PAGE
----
Thirty-six years after winning our hearts by leading one of the coolest pilot films of all time, Tom Cruise is finally back as Maverick in the second installment of Top Gun. Top Gun: Maverick follows him from thirty-six years after the events of the last film. Now he’s close to being retired from the navy. However, he’s given one final chance at staying involved in the matters of the navy flight division. This time, he’ll be teaching new recruits for a daring mission, preparing them for infiltration and extraction to pull off an apparently impossible plan. And among the recruits is the son of his old partner who died in Top Gun. Played by Miles Teller, Rooster is a reminder to Maverick of what had happened, and the film mainly tells the story of how they work out their differences, how Maverick inspires his trainees to give it their all, and eventually approach the mission head-on.
Among other characters from the previous film who appear is Val Kilmer as Iceman. Then there’s Jennifer Connelly as the one and only Penny Benjamin. In Top Gun, she had only been named as someone with whom Maverick had fooled around as a youngster. Top Gun: Maverick just hints at a complicated past for the two and clarifies the infamous incident that the characters alluded to in the first film, but doesn’t spend hours giving us a timeline of their relationship. And the most charming part of the duo’s screen presence is Tom Cruise and Jennifer Connelly’s chemistry. They seamlessly seem to acknowledge years of past encounters despite basically playing the two characters in a film for the first time. You won’t realize that they aren’t old flames reuniting under new circumstances.
Miles Teller also beautifully fits into his role as Goose’s son, with the makeup department giving him a mustache that makes him practically a spitting image of Anthony Edwards who played Goose in Top Gun. His chemistry with Cruise is central to Top Gun: Maverick and the drama is well complemented by their performances. Actually, just like the first film, there’s a lot of heart in the film that’s treated lightly as the secondary subject matter as compared to the flight scenes. That may sound like it makes the film flippant but in fact, it adds a charm to the entire affair. For one, the thrill of the ride becomes the primary focus and for two, the brevity of the drama scenes actually leaves enough time for rumination to make the resolutions convincing despite being simplified.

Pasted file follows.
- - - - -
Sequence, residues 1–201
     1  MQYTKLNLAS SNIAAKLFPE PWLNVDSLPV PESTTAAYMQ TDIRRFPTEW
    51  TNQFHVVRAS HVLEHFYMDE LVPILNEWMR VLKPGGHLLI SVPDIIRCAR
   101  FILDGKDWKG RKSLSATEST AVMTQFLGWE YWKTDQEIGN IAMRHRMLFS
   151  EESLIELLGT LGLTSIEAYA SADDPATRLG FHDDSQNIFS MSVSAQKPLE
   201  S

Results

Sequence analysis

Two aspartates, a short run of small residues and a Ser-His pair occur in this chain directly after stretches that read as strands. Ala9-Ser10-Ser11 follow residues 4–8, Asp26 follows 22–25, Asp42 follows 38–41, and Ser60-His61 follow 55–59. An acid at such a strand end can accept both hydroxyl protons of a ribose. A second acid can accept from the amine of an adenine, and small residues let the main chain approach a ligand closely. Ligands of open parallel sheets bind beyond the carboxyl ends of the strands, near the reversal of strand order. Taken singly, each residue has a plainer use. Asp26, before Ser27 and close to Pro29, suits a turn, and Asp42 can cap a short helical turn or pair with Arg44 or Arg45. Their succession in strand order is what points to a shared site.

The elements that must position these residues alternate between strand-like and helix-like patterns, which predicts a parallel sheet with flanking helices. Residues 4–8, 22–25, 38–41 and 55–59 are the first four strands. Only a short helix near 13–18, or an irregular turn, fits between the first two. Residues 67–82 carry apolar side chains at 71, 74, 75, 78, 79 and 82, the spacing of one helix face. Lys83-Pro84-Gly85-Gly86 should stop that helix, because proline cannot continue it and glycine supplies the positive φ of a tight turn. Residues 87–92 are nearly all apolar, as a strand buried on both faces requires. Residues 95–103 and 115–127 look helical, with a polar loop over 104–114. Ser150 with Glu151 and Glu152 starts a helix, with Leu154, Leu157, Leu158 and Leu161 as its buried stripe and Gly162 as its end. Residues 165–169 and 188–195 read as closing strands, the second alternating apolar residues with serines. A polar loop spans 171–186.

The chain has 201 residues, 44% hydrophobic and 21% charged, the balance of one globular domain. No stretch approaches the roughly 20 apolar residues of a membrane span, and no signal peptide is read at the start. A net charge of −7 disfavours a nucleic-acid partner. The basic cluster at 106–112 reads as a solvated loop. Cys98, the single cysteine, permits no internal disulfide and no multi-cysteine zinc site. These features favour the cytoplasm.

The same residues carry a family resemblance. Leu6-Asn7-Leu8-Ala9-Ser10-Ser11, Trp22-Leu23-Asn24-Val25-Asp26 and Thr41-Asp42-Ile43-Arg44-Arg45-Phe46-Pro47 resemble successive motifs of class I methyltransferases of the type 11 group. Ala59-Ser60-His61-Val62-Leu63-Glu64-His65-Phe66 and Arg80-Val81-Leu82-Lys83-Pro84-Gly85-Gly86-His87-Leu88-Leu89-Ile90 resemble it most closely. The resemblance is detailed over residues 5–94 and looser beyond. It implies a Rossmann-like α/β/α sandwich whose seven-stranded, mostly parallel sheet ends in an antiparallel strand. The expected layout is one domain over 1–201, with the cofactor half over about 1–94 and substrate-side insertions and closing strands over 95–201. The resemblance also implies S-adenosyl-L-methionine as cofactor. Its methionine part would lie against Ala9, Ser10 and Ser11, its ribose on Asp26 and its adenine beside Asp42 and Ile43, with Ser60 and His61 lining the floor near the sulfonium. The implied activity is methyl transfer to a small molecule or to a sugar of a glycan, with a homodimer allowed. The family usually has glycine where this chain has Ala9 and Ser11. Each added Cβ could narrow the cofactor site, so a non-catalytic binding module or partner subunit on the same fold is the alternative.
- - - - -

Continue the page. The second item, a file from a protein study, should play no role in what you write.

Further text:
No matter how much the films are basically just white men being macho, often throwing around weight, conforming to toxic masculine norms, there’s at least some powerful female presence. Charlotte from Top Gun (Kelly McGillis) was predictably much sexualized and that did take away some of the empowerment the creators were going for in including her in the long list of characters, but in Top Gun: Maverick, there’s a female pilot Phoenix (Monica Barbaro) who is treated with as much respect by the camera as her male counterparts. That being said, the machismo isn’t missing as we have a new Maverick in Hangman (Glen Powell), always boasting about his skills and showing off and also putting his teammates in risk in true Maverick style.
One thing that changed from Top Gun is the lack of homoeroticism in Top Gun: Maverick. Yes, it was not acknowledged in the first film but the atmosphere was clearly charged with gay energy. This one is much more heterosexual and I tuned out of the personal stories pretty soon. I mean, sure, the drama is compelling but I see action flicks as eye candy, and unlike Top Gun, where it was both human and machine in nature, in Top Gun: Maverick, it’s entirely the machines that provide any kind of eye candy in the form of the superior adrenaline-fueled stunts.
And then there’s the flight! If Top Gun needed to say it, Top Gun: Maverick makes you feel the need… the need for speed. The cinematography is even more engrossing this time and the stunts even more daring. For any fan of fast-paced action, this is a must-watch and for fans of Top Gun, it’s basically a dream come true. The reactions had been explosive when the trailer had dropped and the film’s action sequences live up to the hype. You’ll feel like you’re one with the pilots, experiencing the rush and the peril that they are, and I honestly cannot exaggerate how cool it feels to see the film on a big screen. The flight scenes in Top Gun: Maverick are lengthier than in Top Gun and the sense of impossibility much higher. In fact, if not for the absence of the other crew members from the Mission: Impossible franchise, this could have practically felt like the latest installment of that.
So while it doesn’t break ground in terms of inclusivity, Top Gun: Maverick is a more sensitive film than Top Gun with the toxic masculine antics actually being confronted much more and never celebrated. And despite seeming ridiculous, the flight scenes are actually accurate in the sequel. It’s a fun watch that’s jam-packed with thrill although the start is slow, or rather the middle where the focus is almost entirely shifted to the relationship dramas between Penny and Maverick and Maverick and Rooster. If you liked the first film, you’ll love this one. Top Gun: Maverick has stayed true to its roots, has added a powerful angle to Maverick’s narrative with one character even telling him he doesn’t belong in the future, and is thus both a nostalgic and a thrilling ride of a film.